but, the bearings wouldn't fall apart, the muffler wouldn't fall apart, the liner wouldn't peel, etc, etc, etc...

    Out of all the places we could be, this is one of them.

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    RE: ABC vs. ABN

    I guess I thought the cost of the TT was one of the big attractions?

    Otherwise, just run the 426 motor on the long course with a low pitched prop to keep the speed down (10x6 maybe).... Or a simple thing like a detuned muffler for 424.

    Still going to be close to $250 at the end of the day, and if you want a carb vs. Venturi, another $35, etc..
    Dave Norman
    29w

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    RE: ABC vs. ABN

    Hi Guys,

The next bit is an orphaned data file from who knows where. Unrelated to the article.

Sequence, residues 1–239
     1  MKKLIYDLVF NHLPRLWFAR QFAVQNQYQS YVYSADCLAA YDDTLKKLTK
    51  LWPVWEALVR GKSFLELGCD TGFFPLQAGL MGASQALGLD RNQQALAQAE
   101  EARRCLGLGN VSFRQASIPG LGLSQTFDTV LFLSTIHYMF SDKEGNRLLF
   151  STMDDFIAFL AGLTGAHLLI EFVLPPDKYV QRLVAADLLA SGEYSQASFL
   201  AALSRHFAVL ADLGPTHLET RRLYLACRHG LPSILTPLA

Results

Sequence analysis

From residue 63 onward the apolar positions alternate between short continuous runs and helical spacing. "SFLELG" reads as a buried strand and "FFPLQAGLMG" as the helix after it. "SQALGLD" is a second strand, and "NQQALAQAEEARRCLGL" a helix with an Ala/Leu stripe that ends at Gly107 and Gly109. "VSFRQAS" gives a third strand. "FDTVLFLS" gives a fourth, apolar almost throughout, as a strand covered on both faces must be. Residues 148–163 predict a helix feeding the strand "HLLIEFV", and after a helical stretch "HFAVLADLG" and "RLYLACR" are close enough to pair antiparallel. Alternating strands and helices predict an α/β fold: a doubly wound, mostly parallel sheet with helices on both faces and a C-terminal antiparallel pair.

Saw the posting; want to clear something up... I did all of the original evaluation of the TT-40 Pro engines for Nepro when the K&B 40 was going away back in 2003. They were ABN then and ABN now. They were never ABC. The big difference was they were double nickel plated VS and single layer OS used at that time. The Thunder Tiger liner never showed signs of peeling and as far as wear and life span, nickel will hold up just as well as chrome with the fuel that we run and at rpm's in 424. Overall this has been the best engine to ever become available for the sport flyer who wanted to race. For a mass produced engine, they are very consistent, hold up well and are readily available. Do they have some short comings, sure, what engine doesn't, but they are easy work arounds. Heck when they had the K&B 4011 for Nepro 424, you had to buy 6 to get one good one, or pay Clarence Lee, Fran Mitchell or myself to build you one. Even at that it took hours to carefully break it in, and one lean run to kill it.